Posted in biographical sketch

A day in rural Nova Scotia

blogPost_27Mar17_1Yesterday, the ‘Learn to Run’ club met in Bridgetown at 10 am. They meet three times per week. The program  goes from January to April each year. Afterwards, we went to Endless Shores Books. We were looking for second-hand children books to take to grandchildren in Iqaluit next week. We found a great selection. I also found a number of local, new books, including Geoff Butler ‘Our own Little World’. Geoff is from Granville Ferry. His books are a combination of paintings and poetry, with a sense of humour.

Home for lunch. Given the recent snow storm on Wednesday night, there was still good snow in the woods. Time to put on cross-country skis and go down through the property to the Annapolis River. On the way back up, via the old plantations at the defunct Lawrencetown nursery, there was ample opportunity to check the tracks of coyote, deer, squirrel and other mice and voles.

We stopped briefly at the orchard. The apple prunings remain encrusted in ice and snow. It will be at least another week, before burning can take place.

blogPost_27Mar17_2On Saturday evening, CARP hosted a movie night at the Paradise Community Hall on ‘Forest Schools’.It was a good turn out. We had the chance to watch documentary on experiential environmental education in Switzerland and to hear about a similar new initiative underway in the Greenwood area.


Endless Shores Books publishes a free weekly paper for communities and people in Annapolis County. It is available at the web site or you can receive it online, contact

Clean Annapolis River Project (CARP) have a web site or you can email Their mission is to  ‘enhance the ecological health of the Annapolis River watershed through science, leadership and community engagement’.

Posted in biographical sketch

We are all Geographers

Everyone lives somewhere at some time. In a lifetime, some of us may stay in one place or culture, others may move and change places or cultures for family, work or political, reasons.

bobmaher_19jan17 If we want to change our attitude towards the earth, it’s resources and our place on its surface, we must become more informed about our ‘geography’; not simply latitude and longitude, but rather ourselves and the processes that affect our behaviour. Geography, in an holistic sense, is physical, biological, economic and social. It is spatial and temporal: neighbourhoods, regions, countries and global; hours, days, years, decades, centuries, lifetimes and beyond.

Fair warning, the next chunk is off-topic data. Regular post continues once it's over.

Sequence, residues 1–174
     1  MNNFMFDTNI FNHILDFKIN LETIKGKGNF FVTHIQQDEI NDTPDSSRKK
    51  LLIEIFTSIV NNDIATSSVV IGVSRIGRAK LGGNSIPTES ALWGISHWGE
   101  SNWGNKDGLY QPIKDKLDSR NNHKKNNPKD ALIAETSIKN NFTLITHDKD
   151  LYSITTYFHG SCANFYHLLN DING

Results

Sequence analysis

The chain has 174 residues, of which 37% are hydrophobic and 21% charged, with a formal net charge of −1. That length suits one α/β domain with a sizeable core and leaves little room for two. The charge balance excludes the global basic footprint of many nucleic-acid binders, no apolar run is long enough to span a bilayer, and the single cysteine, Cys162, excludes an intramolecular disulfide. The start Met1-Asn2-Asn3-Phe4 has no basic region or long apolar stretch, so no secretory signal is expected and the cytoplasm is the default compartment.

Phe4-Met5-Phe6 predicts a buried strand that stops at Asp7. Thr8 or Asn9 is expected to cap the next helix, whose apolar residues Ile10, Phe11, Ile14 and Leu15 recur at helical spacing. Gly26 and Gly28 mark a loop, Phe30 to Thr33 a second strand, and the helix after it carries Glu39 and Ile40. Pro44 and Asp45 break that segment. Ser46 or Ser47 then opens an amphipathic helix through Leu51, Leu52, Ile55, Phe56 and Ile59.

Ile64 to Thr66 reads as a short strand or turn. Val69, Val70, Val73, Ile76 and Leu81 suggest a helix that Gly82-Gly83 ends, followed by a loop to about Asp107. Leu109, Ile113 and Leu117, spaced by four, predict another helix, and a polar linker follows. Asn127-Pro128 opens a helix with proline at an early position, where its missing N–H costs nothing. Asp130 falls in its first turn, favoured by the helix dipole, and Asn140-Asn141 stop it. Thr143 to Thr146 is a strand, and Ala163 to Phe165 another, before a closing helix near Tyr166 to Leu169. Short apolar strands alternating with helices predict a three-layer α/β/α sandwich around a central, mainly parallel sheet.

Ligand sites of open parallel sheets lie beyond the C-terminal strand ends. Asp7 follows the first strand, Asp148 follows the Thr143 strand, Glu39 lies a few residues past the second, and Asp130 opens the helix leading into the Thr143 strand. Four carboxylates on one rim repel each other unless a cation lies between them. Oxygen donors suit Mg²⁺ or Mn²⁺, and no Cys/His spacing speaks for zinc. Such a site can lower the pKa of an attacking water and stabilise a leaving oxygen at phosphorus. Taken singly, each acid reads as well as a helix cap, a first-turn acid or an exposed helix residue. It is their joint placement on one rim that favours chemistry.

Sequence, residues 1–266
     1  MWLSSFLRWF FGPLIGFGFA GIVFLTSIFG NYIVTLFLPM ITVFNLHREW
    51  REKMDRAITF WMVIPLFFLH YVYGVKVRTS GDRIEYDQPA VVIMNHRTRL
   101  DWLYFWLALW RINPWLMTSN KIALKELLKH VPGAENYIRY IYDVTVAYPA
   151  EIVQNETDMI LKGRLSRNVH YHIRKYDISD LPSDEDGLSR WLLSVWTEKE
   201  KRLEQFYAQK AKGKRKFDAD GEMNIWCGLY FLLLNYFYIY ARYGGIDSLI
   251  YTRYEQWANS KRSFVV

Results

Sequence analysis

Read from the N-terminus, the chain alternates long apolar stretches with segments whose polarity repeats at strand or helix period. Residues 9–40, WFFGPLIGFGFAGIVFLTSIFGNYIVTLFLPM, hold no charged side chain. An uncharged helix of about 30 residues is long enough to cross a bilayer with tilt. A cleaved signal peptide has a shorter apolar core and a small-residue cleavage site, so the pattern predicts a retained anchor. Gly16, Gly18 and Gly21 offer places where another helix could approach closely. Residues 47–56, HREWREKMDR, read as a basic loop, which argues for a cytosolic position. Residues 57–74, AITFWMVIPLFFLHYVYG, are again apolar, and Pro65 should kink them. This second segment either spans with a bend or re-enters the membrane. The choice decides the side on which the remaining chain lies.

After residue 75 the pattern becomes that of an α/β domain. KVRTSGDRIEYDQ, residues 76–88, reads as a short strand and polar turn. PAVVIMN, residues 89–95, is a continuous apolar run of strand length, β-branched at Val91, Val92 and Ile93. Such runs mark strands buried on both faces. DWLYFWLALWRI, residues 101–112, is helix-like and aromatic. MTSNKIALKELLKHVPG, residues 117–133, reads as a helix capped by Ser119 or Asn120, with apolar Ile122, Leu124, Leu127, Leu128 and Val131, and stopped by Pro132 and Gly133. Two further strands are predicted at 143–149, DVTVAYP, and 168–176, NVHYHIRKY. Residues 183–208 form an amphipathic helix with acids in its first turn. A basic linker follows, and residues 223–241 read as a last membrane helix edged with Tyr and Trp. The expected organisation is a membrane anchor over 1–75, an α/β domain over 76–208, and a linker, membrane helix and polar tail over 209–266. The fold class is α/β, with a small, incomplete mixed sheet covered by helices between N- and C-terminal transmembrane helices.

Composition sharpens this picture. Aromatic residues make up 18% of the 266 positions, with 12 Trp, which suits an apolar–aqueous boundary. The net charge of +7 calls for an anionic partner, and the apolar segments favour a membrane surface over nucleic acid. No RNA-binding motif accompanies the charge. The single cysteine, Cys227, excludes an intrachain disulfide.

What matters is that we creatively communicate and understand our geography through our spoken language, our writing, art, music, and technology. This means ‘geography education’.

This blog is for anyone who has an interest in geography education. This could include teachers, researchers, citizen-explorers of our environment and creative communicators. The blog is for action-oriented people who are undertaking projects and creatively communicating their geography.

Locally, I want readers seeking better relationship with the land and sea and the local economy. Provincially and nationally, I’m looking to policy- makers affecting economic and natural processes, whether rural or urban. Globally, I want readers to share experiences of alternative approaches in expressing their geography.

I have been concerned about our loss of geography education in our schools and about appropriate use of technology. Today, my interests include extreme citizen science, “making is connecting”, geography experiments in writing, visual imaging and maps, the Sand County Almanac and a land ethic.

In closing, expect some future blog posts to throw out challenges and discussion points to my readers — such as “A Yidan Education Workshop” and opening up “institutional Geography”.

Join me in this exploration of maker-geography and connecting the dots.

— Bob Maher